Wednesday, 20 January 2010 00:00
David Hallett, Victorian State Manager of Archicentre said Victoria has gone through a long drought which has seen the stability of brick walls and fences damaged, often by the roots of large trees seeking water and the shrinking of clay soils as they dry out.
"This circumstance can cause cracking or leaning, especially of single brick fences or walls, which can be up to two metres high.
"Bricks are heavy and dangerous when they fall and because of their shape and sharp corners, they can become deadly."
Mr Hallett said people can be lulled into a false sense of security by the solid appearance of brick structures, which are only as strong as the cement and the construction methods used to build them.
"Dangers can occur when the walls have been nudged by motor vehicles, have been used to attach basketball rings where children slam dunk, and where building is taking place on the boundary of the property, especially where there is excavation and heavy machinery involved.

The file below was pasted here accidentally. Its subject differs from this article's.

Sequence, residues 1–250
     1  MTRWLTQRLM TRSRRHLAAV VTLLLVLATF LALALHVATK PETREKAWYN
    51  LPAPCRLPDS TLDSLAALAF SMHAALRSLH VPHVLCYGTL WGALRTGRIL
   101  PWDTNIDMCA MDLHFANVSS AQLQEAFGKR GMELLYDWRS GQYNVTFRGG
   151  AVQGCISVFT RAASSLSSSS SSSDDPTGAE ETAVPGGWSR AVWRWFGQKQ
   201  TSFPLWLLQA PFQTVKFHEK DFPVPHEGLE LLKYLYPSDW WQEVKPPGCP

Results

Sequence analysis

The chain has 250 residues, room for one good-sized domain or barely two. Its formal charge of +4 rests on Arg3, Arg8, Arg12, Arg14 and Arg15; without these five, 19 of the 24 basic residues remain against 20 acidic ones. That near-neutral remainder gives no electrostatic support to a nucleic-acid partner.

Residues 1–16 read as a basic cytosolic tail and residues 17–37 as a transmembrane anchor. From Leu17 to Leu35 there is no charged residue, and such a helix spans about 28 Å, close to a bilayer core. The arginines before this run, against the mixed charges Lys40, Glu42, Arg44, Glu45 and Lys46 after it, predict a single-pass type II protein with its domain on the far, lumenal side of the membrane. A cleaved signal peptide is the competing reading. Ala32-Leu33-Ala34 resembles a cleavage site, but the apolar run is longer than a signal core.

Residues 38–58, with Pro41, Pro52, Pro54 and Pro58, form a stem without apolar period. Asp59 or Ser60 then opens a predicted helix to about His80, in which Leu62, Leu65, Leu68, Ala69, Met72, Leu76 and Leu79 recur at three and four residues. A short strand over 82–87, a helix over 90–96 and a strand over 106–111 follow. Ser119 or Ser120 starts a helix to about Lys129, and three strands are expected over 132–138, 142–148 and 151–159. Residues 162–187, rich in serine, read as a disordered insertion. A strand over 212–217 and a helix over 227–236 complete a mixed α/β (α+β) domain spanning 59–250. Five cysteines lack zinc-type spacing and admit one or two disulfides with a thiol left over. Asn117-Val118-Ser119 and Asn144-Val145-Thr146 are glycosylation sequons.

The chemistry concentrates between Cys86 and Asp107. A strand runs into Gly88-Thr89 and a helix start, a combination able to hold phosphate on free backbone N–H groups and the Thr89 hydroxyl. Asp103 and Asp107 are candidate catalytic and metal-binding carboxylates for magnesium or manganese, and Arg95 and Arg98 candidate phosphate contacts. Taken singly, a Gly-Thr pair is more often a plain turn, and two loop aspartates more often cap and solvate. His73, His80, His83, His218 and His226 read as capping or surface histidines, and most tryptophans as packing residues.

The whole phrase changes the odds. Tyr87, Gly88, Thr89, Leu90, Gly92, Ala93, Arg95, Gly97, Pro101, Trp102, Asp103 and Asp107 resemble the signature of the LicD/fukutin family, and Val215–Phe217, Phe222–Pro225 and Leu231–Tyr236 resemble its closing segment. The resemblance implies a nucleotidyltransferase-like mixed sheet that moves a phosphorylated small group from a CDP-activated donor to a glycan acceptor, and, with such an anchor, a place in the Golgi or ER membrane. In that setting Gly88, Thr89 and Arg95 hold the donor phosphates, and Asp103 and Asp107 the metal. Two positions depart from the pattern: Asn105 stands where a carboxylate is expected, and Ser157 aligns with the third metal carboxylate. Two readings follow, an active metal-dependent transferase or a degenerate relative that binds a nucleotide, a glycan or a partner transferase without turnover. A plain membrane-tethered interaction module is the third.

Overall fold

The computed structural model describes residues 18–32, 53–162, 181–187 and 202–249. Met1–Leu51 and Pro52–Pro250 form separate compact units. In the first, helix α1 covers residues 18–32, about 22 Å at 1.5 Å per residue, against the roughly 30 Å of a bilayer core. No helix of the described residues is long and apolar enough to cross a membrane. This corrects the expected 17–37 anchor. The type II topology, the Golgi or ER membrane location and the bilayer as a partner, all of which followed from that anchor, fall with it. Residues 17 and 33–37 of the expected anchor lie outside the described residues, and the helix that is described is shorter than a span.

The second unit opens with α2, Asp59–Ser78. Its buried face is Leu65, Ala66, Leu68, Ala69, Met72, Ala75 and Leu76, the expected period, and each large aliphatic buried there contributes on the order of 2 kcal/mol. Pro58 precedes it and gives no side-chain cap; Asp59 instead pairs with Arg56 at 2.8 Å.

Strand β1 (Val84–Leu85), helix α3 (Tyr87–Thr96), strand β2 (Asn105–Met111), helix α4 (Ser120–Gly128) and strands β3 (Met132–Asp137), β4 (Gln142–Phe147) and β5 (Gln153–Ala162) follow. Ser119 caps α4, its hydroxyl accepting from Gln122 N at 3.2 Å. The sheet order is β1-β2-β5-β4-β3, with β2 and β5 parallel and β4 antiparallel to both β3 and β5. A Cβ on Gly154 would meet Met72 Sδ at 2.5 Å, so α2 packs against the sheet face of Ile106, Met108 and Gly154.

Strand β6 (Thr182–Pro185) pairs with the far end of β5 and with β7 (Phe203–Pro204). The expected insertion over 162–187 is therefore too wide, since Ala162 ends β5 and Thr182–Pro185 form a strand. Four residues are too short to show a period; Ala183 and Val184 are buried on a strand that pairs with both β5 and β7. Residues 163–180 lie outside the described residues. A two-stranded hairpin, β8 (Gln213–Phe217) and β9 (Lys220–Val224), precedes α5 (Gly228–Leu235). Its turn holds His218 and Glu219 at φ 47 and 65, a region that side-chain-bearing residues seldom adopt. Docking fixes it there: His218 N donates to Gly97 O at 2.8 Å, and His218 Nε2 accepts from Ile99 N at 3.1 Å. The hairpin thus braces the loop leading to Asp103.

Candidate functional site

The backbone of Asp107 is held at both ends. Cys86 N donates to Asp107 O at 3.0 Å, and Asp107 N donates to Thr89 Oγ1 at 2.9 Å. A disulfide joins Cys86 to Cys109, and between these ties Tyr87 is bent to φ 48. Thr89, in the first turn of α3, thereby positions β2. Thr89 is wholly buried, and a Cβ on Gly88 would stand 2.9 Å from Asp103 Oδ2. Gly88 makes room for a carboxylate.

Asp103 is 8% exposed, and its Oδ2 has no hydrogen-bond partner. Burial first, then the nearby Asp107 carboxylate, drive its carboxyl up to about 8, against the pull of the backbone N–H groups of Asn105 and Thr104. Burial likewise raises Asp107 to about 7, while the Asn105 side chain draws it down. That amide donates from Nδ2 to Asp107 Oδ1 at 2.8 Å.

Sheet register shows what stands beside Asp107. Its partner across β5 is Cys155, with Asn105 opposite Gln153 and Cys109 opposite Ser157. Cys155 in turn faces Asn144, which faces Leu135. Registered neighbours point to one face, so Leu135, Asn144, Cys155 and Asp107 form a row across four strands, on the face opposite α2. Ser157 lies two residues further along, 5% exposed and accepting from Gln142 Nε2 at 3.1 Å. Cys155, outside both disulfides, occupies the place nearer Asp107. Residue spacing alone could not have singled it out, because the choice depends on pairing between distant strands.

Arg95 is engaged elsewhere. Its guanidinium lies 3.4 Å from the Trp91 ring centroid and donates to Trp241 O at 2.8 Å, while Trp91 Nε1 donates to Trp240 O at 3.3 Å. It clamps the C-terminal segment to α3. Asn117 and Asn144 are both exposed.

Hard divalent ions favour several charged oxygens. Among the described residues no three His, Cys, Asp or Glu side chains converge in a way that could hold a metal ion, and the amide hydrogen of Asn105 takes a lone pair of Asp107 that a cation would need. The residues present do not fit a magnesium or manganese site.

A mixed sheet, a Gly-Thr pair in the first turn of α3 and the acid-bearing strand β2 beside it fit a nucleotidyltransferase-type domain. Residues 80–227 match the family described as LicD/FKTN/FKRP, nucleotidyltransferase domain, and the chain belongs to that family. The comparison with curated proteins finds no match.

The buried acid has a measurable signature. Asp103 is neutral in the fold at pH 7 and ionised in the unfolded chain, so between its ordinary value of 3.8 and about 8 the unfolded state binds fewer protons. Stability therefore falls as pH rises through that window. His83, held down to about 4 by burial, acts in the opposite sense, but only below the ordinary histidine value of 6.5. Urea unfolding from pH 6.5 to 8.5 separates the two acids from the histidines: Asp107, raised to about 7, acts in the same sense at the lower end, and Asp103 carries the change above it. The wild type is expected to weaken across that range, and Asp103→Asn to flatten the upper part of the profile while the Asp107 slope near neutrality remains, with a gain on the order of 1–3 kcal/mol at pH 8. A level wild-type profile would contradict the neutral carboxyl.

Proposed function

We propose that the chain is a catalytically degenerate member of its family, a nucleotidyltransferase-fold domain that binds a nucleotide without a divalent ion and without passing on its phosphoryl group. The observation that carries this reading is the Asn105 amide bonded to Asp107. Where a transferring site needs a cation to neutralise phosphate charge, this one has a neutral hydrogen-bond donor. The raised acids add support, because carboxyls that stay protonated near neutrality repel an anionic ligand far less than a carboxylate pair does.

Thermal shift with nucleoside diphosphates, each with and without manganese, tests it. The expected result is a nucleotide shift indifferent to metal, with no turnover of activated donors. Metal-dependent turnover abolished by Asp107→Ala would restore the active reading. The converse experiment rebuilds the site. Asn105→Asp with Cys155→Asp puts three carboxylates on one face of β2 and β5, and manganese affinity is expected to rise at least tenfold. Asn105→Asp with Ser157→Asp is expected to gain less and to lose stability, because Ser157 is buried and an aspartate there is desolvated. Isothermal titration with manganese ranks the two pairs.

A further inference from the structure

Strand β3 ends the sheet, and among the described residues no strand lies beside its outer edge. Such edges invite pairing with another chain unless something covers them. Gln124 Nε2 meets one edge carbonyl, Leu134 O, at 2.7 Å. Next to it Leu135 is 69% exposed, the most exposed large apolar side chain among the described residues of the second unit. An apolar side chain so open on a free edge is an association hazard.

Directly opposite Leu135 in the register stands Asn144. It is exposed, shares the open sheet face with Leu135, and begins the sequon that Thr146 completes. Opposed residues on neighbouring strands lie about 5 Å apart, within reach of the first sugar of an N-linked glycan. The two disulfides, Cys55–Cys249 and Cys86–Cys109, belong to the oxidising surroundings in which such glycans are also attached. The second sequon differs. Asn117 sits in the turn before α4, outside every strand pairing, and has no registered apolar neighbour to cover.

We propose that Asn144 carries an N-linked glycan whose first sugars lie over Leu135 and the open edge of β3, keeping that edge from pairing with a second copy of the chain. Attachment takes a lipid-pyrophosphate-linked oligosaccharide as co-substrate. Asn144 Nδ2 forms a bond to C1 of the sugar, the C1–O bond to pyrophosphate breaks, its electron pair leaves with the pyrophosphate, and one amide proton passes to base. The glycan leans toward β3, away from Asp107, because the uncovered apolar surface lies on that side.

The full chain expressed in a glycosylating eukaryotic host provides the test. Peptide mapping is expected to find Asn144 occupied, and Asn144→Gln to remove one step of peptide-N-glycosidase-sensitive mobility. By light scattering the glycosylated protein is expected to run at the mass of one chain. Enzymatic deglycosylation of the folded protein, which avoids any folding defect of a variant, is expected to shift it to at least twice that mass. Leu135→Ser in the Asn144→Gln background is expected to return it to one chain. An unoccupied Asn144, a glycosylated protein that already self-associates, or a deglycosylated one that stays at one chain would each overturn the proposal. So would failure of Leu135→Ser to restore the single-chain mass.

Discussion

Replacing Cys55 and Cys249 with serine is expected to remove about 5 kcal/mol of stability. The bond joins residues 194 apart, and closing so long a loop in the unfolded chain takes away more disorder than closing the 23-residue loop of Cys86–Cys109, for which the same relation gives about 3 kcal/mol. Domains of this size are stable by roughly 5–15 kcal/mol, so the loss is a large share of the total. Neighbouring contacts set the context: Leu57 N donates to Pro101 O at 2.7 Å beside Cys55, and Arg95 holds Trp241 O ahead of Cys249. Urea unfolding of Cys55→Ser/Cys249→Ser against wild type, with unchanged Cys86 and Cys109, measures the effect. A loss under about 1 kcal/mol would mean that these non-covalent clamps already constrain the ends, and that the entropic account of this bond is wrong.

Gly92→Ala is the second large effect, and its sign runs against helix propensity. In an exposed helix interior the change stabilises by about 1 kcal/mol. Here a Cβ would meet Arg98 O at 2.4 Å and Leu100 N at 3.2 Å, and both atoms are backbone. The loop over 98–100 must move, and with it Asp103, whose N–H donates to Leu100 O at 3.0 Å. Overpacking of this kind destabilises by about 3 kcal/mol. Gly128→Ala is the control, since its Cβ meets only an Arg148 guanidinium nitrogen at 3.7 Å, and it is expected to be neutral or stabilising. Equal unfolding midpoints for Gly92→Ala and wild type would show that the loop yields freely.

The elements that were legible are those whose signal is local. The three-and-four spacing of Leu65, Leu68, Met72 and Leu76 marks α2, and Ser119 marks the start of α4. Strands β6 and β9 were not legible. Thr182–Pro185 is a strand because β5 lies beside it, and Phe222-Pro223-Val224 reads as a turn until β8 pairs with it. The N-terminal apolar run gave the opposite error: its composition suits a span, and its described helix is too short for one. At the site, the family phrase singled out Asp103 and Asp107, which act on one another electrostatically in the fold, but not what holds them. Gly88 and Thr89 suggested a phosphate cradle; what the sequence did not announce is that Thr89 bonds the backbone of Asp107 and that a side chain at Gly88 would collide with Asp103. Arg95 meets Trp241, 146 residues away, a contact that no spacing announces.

Mr Hallett said Archicentre is increasingly being called in to assess situations where brick walls have started to lean into public areas such as footpaths and in commercial areas where workers are involved, as owners become concerned about public safety and their legal liability.
"We would urge all home owners who have leaning or cracked fences and walls, or anybody considering buying a home to conduct a safety audit and where required have the structure professionally assessed.
"We would also be suggesting that where people are having construction taking place next door up to boundary they have their structure assessed before and after to ensure they have a record of any damage caused," Mr Hallett added.
David Hallett Victorian State Manager Archicentre (03) 9819 4577 Mobile: 0439 439 115
Ron Smith Corporate Media Communications Archicentre (03) 9818 5700 Mobile: 0417 329 201